Top Ten Tuesdays: Books about or taking place in India that I recommend for one reason or another, written by outsiders
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I am an indophile and will probably continue to visit India for the rest of my life. My only regret is that it would take several lifetimes to explore it as thoroughly as I would like. Naturally, I read a lot of books about India. These are some that I liked for one reason or another.
Ten recommended books about India by outsiders:
- City of Djinns by William Dalrymple. The author traces the history of the city and tells the story of his own stay there. I didn’t explore the city much on my first visit to India, indeed I found it to be rather overwhelming, dirty, noisy and crowded, but after reading this I decided to give it a chance when I went there again, and have found it quite endearing ever since, albeit only in small doses.
- Holy Cow! An Indian Adventure by Sarah Macdonald. This is no masterpiece, but it is an honest and occasionally funny portrayal of modern India, seen through the eyes of an expat. I made the mistake of lending it to my mother shortly before I left for a 5-week trip to India, and she said it made her worried and afraid for me the whole time I was away.
- Kevin and I in India by Frank Kusy. I picked up this book, which seems to be out of print, in a second-hand bookshop in Kathmandu (Nepal) many years ago, and have read it a number of times over the years. It is – or seems to be – a transcript of Kusy’s travel journal while visiting India, and describes the India experienced by budget travellers very well. It also happens to be very, very funny.
- Simon Winchester’s Calcutta. Winchester wrote an essay about Calcutta for the book and chose passages from fiction, non-fiction and poetry that he believes reflect the character of the city. I have never been here, but may go there on my next India trip.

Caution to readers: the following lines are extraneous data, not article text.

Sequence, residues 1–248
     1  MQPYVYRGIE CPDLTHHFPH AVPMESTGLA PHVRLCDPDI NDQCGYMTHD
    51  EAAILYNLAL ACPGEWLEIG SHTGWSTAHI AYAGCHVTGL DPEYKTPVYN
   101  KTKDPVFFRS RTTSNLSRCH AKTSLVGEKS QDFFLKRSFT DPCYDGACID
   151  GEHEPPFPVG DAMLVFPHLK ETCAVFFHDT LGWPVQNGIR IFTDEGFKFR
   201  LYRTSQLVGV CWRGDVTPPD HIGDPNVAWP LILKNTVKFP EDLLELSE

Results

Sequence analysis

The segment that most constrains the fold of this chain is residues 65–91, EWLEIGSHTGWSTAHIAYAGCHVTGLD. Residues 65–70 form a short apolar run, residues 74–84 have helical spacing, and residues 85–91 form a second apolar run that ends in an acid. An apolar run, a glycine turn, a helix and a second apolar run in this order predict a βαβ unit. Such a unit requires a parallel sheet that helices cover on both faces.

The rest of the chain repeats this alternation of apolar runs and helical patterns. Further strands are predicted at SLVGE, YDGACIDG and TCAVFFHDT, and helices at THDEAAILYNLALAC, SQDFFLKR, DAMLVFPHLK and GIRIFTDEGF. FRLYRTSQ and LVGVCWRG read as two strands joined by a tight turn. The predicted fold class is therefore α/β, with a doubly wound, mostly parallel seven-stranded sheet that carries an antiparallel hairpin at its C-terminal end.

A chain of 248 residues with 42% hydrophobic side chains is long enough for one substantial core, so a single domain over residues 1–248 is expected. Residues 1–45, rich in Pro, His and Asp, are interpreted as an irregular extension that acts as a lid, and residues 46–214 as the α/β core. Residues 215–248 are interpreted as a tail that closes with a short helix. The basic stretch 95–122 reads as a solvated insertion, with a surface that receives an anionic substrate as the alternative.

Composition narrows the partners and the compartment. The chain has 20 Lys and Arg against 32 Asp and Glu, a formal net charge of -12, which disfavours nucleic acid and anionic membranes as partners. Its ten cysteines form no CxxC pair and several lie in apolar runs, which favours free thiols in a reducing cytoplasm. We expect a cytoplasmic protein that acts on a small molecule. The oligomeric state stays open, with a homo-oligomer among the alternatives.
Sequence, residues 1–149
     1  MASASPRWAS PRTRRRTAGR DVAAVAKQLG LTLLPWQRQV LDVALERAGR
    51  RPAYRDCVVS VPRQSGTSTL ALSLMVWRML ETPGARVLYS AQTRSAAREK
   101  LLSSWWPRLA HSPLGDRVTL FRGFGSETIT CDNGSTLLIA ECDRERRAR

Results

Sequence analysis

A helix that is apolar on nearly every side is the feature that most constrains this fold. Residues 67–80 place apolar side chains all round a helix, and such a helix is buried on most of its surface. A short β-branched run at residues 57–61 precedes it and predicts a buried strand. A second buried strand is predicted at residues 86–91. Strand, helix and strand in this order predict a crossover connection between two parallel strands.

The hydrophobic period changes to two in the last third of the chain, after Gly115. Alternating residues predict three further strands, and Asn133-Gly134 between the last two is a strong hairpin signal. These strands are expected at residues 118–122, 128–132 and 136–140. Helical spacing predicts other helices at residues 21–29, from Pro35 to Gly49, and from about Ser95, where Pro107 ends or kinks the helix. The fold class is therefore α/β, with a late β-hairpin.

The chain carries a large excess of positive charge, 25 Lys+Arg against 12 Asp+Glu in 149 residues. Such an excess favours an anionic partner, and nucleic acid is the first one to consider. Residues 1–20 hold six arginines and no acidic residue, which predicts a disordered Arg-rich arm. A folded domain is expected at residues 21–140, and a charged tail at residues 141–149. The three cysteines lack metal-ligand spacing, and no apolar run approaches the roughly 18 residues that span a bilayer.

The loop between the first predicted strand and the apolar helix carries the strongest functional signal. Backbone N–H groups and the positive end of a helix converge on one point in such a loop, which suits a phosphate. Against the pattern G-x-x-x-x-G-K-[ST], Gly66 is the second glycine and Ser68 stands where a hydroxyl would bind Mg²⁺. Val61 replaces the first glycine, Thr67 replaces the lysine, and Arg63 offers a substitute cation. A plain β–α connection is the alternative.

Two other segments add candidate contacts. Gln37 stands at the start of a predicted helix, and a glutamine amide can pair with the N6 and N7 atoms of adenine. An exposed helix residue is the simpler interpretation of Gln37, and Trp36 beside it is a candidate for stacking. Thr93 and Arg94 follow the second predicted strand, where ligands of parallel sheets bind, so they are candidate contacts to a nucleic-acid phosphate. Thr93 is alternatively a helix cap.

- An Area of Darkness by V.S. Naipaul. Written by a man of Indian descent who was visiting his ancestral land. He gives lovely descriptions of people and places – especially Kashmir – but the book is also full of the sense of alienation and disappointment he felt when he finally came to India for the first time as an adult.
- Children of Kali by Kevin Rushby. Don’t read it for the examination of the thuggee cult or that of modern criminal castes in India, both of which are inconclusive (but interesting), but for Rusby’s experiences as a visitor to places few foreigners ever visit, and for his open-minded interactions with the locals.
- The Raj at Table: A Culinary History of the British in India, by David Burton. This is a delightful look at food and the Raj and how Indian cuisine influenced British cuisine.
- Plain Tales from the Raj: Images of British India in the Twentieth Century, edited by Charles Allen. A look at the varied experienced of the British in India during the Raj.
- Travels on my Elephant by Mark Shand. The tale of Shand’s journey around northern India with Tara the elephant. Delightful descriptions of life in India and the problems associated with travel by elephant.
- No Full Stops in India by Mark Tully. A collection of articles about a variety of social issues in modern India.
- The Age of Kali by William Dalrymple.